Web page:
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West Like Lightning: The Brief, Legendary Ride of the Pony Express

3.42  ·  Rating details ·  223 ratings  ·  57 reviews
The #1 New York Times bestselling coauthor of American Sniper brings the Pony Express to life in this rich and rollicking new history

"One can hear horse hooves pounding across the prairie and sense the fear and courage and excitement." —Tom Clavin, author of Dodge City

On the eve of the Civil War, three American businessmen launched an audacious plan to create a financial e
ebook, 368 pages
Published May 8th 2018 by William Morrow
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3.42  · 
Rating details
 ·  223 ratings  ·  57 reviews

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Mar 06, 2019 rated it liked it
The Pony Express existed for eighteen months on the eve of the Civil War. From its first month when riders carried the news of Lincoln's electoral victory, to its demise, news was carried from St. Joseph Missouri, the western edge of the civilized world, to Sacramento and stations in between.

DeFelice weaves the facts and myths of the Pony Express with the events of the time. The election of Lincoln, the dissolution of the union, indian wars, the Mormon or Utah War, the gold rush as well as the i
Joseph Williams
May 18, 2018 rated it liked it
Listened to the audio. Reader is perfect for this topic.

The author offers an expansive history of the Pony Express contextualizing it within its time. There are often many side tangents, but I found these to be more fun than engaging. The author’s humor also prevails throughout ultimately making this a great, accessible book not just of the narrow topic of the Pony, but of the Old West, and America.
This new release follows the trail of the Pony Express, an easy (for the reader) and quite fun journey from St. Joseph, Missouri, to Sacramento, California and beyond. DeFelice makes stops at several stations along the way, introducing the reader to Old West characters, both legendary and unfamiliar. He attempts to sort out fact from fiction, as many tales originated larger than life and merely touched on the truth. But proof and disproof are next to impossible due to the murky history of the se ...more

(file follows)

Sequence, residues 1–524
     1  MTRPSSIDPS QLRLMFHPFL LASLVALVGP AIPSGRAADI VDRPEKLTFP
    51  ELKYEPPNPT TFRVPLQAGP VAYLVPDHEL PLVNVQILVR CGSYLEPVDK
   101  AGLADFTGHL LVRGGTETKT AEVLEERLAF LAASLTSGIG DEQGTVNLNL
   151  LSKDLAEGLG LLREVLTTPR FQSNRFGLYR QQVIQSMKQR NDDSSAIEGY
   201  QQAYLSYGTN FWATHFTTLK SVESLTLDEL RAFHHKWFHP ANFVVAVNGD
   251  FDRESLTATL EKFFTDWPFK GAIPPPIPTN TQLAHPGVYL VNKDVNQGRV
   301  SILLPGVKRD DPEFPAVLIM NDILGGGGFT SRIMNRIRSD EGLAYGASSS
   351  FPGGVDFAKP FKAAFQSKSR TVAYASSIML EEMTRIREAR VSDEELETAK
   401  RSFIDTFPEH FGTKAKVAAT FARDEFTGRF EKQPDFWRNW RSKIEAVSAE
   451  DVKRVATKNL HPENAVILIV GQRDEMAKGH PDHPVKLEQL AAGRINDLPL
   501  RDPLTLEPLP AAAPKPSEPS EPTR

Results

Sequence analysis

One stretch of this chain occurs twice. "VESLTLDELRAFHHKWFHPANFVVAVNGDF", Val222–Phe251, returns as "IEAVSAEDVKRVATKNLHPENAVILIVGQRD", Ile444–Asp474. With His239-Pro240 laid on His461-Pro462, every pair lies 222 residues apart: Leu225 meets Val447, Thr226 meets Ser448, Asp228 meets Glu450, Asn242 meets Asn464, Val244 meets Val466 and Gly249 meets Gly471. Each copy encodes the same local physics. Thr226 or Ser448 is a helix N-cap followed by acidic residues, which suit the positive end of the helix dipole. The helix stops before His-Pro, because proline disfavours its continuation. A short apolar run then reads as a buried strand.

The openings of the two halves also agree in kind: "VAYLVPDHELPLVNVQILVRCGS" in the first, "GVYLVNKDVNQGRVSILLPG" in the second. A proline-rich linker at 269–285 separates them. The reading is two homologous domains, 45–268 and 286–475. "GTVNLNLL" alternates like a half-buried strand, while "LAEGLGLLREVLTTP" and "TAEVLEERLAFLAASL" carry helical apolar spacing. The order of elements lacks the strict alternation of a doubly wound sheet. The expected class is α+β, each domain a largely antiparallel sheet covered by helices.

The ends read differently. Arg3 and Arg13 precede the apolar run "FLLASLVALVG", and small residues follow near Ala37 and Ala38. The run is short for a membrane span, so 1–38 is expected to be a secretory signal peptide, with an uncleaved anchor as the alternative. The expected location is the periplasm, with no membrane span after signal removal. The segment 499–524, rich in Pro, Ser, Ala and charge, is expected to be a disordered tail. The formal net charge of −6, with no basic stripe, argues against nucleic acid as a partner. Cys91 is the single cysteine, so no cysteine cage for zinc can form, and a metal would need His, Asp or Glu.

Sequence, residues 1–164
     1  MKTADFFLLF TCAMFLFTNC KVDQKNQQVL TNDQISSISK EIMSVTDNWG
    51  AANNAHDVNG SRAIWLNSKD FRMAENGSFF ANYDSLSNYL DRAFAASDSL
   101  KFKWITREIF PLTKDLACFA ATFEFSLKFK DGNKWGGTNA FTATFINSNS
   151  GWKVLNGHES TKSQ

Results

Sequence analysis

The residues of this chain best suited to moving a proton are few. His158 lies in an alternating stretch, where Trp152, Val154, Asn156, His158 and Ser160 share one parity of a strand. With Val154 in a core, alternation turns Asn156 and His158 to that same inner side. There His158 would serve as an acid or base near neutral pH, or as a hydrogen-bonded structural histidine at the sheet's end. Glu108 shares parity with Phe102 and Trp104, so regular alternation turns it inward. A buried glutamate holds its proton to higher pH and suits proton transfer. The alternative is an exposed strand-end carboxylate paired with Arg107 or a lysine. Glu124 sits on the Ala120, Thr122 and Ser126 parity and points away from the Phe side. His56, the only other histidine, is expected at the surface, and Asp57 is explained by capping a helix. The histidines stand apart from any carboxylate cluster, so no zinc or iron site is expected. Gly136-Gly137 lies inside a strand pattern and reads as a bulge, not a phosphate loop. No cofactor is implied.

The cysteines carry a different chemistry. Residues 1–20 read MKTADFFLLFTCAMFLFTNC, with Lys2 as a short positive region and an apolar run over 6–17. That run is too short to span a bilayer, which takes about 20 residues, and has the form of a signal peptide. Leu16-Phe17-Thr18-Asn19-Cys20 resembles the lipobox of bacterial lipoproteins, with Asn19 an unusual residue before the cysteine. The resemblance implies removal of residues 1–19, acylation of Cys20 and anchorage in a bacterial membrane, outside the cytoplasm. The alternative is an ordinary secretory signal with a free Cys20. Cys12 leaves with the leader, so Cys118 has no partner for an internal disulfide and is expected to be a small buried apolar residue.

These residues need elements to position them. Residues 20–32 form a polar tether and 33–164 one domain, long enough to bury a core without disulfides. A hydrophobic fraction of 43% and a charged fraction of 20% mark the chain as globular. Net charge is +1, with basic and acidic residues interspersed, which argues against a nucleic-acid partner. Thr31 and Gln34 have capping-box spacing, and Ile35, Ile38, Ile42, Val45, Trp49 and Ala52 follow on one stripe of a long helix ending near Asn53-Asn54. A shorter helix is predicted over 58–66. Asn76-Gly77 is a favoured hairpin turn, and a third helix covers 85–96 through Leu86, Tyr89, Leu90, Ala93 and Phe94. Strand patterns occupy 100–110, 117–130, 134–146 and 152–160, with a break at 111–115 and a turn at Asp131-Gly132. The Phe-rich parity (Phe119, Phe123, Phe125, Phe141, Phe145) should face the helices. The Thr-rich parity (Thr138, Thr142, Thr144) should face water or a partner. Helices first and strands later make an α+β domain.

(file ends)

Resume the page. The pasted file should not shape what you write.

An interesting microhistory of the surprisingly short-lived Pony Express. Although I listened, I don't recommend the audio which had too many mispronunciations, too many proper names and place names mispronounced for my taste. The author uses an interesting frame on which to hang the story of the Pony Express's history: we follow the November 1860 message about Lincoln's election from St. Joseph, Missouri, to Sacramento, California, in just 6 days. Along the way we learn how the Express got its ...more
Kim McGee
Mar 17, 2018 rated it really liked it  ·  review of another edition
The Pony Express was a doomed idea from the start but some how this hair brained scheme connected the country from St. Joseph Missouri to Sacramento California in record time. In 1860 it could take six months or longer for a letter to make it from one coast to the other. The Pony Express riders rode a long day at top speed with minimal stops in any kind of weather to deliver not only personal and business mail but also national news. Jim DeFelice has done his homework and gives us a blow by blow ...more
It is obvious from the beginning of this very well researched and thorough monograph that it is more of a labor of love by DeFelice than it is actually a pure history of the Pony Express. That being said, you get more of a sense of what was going on in the various locales that the Pony passed through than what the actual pony riders were doing, which at times was disappointing. There are also extensive detours through the events of the Civil War, which I thought was a little bit too tangential, ...more
Oct 26, 2018 rated it it was amazing
This highly readable popular history of the legendary Pony Express is a piece-together from many sources, both solid and, as DeFelice admits, dubious. Since the mail service lasted only a little over a year, it probably would be only a footnote in history had it not been popularized by the likes of such colorful characters as Wild Bill Hickok and Buffalo Bill. The "hook" onto which DeFelice hangs the book's overall theme is the news about Lincoln's election as President being carried from St. Jo ...more